Cruise Line Uses 25-Foot LED Vortex As Centerpiece

Here’s an interesting example of how three-dimensional visuals and crazy idea can be baked into content and served up on a very unusual display canvas – in this case the central court of a monster cruise ship.

This is a 25 foot tall vortex-shaped LED column in the atrium of the Carnival Vista, a ship in the Carnival cruise line fleet that first set sail a year ago. It has a diameter of 2.5 feet at the bottom, increasing all the way to 26 feet at the top. Called Dreamscape, the digital art piece runs a series of motion graphic visuals on a 6mm pitch curved canvas.

There is a second one like this, a bit smaller, in the ship’s casino.

Technomedia Solutions out of Orlando was selected as the turnkey supplier for the custom central columns and complementary LED ceiling discs. They did the engineering, fabrication, and installation of the LED display feature elements, along with the creation of the mapped content that plays on the sculptures.

For the AV nerd readers: These complex shapes, says Technomedia, are seamlessly covered in custom Mood Technologies 6mm resolution LED displays with video content is served from a VYV media server located remotely in the ship’s Broadcast Center via an optical fiber infrastructure and Novastar LED Display Controllers. The entire system is controlled via an AMX system with custom programmed scheduler.

Technomedia Solutions LLC (TMS) was selected as the turnkey supplier for the custom central columns and ceiling discs. TMS was tasked with the engineering, fabrication, and installation of the LED display feature elements, along with the creation of the mapped content that plays on the sculptures.

Mathematically, engineering an LED video matrix to fit such a unique and complex shape had never been done before and required both custom fabricated LED displays and custom video mapping. If the geometry was not enough of a challenge, at one point the entire project was at risk when it became apparent that, because the column was located within and above a main bar, the entire system would have to meet the strict regulations of the United States Public Health Services (USPHS) to avoid the risk of dirt build up which could contaminate the bar.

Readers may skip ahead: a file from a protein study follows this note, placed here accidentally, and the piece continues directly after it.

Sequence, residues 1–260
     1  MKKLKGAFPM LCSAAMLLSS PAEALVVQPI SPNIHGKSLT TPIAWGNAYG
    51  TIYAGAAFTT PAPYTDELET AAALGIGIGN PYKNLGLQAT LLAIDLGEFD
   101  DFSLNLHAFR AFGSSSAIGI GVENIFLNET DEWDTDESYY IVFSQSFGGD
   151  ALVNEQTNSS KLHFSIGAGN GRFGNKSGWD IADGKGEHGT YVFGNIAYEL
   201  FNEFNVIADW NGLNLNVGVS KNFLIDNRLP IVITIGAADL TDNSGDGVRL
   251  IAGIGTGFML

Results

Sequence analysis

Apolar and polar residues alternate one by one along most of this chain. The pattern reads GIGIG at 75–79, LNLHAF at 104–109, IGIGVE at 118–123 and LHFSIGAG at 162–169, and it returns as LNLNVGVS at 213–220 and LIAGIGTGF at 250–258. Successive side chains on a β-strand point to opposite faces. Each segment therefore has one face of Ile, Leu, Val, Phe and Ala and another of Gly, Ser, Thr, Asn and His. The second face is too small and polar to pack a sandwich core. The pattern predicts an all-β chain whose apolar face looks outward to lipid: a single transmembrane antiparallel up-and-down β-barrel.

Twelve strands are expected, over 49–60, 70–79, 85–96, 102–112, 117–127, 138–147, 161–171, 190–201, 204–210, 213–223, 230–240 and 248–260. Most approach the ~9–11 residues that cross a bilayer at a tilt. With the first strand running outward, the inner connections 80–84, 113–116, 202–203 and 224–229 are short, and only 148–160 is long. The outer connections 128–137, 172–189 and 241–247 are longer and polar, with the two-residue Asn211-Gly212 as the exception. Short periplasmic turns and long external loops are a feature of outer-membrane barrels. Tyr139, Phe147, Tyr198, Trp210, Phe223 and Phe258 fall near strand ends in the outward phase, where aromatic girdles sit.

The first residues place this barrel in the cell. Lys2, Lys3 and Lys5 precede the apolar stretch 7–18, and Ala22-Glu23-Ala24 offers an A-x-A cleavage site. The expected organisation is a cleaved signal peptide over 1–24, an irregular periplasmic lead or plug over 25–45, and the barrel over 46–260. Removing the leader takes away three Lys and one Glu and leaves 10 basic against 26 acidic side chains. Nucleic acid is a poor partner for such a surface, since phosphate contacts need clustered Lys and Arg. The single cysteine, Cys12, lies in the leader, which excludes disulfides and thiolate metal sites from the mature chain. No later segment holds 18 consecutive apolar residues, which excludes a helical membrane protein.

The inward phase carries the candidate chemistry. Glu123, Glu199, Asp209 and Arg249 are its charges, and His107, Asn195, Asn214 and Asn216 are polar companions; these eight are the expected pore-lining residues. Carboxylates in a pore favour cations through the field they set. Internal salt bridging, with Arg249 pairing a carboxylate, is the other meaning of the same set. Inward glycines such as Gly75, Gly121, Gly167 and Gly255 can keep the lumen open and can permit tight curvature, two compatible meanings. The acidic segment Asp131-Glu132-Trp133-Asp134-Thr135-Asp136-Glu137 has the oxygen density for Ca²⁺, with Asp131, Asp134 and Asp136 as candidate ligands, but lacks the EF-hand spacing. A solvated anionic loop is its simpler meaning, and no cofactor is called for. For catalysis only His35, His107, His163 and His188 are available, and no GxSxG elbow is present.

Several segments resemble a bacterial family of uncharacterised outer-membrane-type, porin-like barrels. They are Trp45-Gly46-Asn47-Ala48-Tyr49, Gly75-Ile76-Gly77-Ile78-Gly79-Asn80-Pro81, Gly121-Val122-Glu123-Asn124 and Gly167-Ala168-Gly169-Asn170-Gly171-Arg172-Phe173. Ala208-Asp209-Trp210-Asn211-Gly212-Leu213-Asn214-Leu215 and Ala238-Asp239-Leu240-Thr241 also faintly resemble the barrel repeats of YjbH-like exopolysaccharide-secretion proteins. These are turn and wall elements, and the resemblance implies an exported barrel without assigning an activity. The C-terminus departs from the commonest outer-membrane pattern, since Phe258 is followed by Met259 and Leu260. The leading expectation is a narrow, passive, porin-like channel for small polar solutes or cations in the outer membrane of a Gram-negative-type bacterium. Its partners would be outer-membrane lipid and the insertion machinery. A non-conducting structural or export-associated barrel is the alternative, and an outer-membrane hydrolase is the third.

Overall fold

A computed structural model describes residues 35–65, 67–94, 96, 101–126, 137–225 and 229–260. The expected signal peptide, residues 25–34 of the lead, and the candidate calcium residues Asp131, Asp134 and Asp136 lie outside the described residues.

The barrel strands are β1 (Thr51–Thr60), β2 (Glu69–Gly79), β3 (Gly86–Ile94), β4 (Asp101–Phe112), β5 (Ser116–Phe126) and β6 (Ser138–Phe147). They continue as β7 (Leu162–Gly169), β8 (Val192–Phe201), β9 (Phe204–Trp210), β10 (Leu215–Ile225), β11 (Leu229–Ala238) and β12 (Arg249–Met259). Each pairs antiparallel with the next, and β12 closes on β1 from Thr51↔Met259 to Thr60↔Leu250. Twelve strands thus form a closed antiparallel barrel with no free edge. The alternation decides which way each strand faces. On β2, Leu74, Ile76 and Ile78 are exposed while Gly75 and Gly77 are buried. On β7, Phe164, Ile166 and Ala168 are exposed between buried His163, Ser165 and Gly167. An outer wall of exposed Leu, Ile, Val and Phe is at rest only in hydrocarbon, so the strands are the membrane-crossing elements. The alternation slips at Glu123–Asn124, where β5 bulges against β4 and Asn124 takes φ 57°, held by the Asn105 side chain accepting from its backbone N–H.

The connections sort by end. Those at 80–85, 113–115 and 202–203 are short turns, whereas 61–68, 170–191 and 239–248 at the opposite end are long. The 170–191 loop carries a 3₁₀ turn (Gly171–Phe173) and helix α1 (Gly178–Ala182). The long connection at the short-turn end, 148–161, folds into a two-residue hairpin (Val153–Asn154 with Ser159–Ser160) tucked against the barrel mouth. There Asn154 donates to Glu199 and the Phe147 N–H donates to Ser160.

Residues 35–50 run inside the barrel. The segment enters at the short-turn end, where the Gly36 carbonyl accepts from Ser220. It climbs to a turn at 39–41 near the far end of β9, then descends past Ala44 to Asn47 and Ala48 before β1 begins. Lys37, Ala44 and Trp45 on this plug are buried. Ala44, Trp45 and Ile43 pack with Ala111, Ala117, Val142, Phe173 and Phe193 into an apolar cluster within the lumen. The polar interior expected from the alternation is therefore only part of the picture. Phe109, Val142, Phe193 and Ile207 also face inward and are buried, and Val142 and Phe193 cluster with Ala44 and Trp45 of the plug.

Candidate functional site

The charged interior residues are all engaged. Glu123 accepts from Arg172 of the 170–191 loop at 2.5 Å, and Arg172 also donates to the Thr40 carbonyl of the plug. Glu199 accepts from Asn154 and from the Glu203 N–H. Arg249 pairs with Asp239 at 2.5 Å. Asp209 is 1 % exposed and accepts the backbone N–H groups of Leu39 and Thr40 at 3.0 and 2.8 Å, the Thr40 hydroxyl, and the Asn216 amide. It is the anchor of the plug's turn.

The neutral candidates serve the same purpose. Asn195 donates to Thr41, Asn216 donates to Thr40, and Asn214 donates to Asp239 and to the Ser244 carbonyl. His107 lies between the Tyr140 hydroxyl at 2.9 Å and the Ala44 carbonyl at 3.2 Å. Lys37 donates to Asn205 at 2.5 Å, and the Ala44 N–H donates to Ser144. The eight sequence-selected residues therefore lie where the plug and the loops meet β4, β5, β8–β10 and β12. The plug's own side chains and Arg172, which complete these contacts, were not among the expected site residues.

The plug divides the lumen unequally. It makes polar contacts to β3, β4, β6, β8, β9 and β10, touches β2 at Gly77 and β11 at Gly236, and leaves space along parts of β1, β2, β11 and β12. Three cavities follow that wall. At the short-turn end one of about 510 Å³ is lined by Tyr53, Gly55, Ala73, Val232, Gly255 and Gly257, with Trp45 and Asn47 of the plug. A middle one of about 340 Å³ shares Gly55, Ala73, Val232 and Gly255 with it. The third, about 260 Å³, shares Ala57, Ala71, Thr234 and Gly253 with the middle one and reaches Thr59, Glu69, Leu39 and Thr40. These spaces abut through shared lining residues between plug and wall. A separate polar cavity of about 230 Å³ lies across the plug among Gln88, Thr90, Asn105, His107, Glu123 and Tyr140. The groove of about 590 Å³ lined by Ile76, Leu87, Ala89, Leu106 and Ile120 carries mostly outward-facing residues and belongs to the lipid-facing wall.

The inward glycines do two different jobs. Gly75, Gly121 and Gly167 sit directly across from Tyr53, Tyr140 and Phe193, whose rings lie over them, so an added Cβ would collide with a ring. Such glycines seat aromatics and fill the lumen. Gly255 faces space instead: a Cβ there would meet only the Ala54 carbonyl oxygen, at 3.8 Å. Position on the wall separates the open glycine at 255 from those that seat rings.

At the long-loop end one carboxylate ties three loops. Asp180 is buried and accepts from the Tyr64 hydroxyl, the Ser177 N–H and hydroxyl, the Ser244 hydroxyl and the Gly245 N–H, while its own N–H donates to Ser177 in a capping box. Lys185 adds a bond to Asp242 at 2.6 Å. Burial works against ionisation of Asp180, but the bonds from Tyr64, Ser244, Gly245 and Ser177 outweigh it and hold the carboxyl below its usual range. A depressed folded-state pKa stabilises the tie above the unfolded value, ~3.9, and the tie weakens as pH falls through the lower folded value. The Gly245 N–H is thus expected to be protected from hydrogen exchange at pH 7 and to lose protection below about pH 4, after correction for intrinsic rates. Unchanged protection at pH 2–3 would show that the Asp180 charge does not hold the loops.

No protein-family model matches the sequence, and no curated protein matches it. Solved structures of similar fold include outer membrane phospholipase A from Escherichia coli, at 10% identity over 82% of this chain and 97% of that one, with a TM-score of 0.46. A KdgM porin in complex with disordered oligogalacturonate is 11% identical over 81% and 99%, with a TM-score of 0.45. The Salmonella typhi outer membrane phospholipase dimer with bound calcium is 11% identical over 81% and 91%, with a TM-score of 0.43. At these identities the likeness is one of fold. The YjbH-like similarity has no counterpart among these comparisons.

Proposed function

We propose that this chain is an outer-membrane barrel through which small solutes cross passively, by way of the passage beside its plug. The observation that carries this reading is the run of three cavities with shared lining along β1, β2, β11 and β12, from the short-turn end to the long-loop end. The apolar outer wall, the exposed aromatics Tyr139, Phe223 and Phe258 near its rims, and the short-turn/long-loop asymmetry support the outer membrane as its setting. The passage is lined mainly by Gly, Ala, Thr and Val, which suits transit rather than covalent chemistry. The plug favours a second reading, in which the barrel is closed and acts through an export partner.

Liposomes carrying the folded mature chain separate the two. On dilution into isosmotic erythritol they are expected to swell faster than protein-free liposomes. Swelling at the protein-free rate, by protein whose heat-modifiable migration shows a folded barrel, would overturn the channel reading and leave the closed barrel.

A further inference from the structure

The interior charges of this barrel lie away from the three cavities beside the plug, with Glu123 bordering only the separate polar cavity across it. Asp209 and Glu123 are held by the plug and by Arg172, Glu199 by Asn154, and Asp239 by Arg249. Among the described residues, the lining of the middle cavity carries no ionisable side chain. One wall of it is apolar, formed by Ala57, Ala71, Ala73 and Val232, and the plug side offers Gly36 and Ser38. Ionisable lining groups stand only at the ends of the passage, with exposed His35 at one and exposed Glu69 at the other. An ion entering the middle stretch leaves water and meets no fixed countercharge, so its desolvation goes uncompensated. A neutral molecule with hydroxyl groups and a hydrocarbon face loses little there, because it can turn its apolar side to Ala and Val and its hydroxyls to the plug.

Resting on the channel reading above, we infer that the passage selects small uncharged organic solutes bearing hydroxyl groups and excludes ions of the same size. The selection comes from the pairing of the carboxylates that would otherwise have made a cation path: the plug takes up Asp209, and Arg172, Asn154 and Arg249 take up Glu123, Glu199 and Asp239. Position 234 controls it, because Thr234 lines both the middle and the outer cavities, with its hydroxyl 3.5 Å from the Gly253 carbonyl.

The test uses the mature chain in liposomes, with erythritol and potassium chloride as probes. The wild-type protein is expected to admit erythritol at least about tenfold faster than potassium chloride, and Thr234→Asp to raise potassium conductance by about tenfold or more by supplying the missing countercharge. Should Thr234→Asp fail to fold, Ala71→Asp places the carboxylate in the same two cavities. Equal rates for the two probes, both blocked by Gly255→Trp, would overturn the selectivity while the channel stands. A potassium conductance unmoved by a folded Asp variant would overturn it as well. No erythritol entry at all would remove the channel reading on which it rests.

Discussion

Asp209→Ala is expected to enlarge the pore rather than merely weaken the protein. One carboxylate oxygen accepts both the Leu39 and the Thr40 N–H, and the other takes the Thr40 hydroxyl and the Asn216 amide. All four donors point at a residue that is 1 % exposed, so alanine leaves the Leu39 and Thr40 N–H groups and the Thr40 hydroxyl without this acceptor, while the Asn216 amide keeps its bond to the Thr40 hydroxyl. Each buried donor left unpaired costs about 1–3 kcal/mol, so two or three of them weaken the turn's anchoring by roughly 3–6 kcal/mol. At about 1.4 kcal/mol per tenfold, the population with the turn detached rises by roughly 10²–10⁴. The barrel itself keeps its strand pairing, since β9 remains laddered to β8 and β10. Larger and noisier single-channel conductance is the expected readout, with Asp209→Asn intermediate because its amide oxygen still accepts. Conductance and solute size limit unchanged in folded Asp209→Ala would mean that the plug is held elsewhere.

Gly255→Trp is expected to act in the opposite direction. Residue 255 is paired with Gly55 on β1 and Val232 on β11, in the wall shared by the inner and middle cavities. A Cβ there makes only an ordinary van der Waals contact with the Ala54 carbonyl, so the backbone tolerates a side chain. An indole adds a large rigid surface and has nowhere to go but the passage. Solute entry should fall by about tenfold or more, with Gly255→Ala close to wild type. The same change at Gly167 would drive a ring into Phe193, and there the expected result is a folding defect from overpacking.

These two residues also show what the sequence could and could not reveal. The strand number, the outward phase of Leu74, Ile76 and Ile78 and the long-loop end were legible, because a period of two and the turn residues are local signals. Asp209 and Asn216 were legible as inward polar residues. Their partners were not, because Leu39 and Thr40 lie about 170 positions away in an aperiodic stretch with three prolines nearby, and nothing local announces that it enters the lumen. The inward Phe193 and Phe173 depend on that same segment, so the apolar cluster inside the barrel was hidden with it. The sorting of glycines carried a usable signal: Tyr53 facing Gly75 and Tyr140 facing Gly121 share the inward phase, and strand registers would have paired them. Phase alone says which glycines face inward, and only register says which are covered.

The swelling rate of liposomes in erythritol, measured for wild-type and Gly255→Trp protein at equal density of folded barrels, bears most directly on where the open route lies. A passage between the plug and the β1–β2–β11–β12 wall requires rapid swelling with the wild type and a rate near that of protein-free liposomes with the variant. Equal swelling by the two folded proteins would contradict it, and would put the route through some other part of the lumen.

Initially, the plan was to utilize flexible rubber LED displays which could mold to the unique shape, however it was deemed unacceptable by USPHS as the rubber would trap dust and not be cleanable. After some quick redesign and testing, TMS was able to substitute a flexible rigid & sealed LED product in place of the rubber which was ultimately approved by USPHS.

As mentioned at the top, while I like what I have seen in video (not yet in person) of that crazy robotic 3D board Coca-Cola put up in Times Square this summer, there are a lot of moving parts hat can lock up and break down. It makes me wonder if many of the visual effects could be done in the content, and this is a good example of how that might happen (watch the video at top).

Dave Haynes

Dave Haynes

Editor/Founder at Sixteen:Nine
Dave Haynes is the founder and editor of Sixteen:Nine, an online publication that has followed the digital signage industry for more than a decade. Dave does strategic advisory consulting work for many end-users and vendors, and also writes for many of them. He's based near Toronto.
Dave Haynes

@sixteennine

11+ year-old blog (and now podcast) about digital signage and related tech, written by industry consultant, analyst and bullshit filter Dave Haynes.
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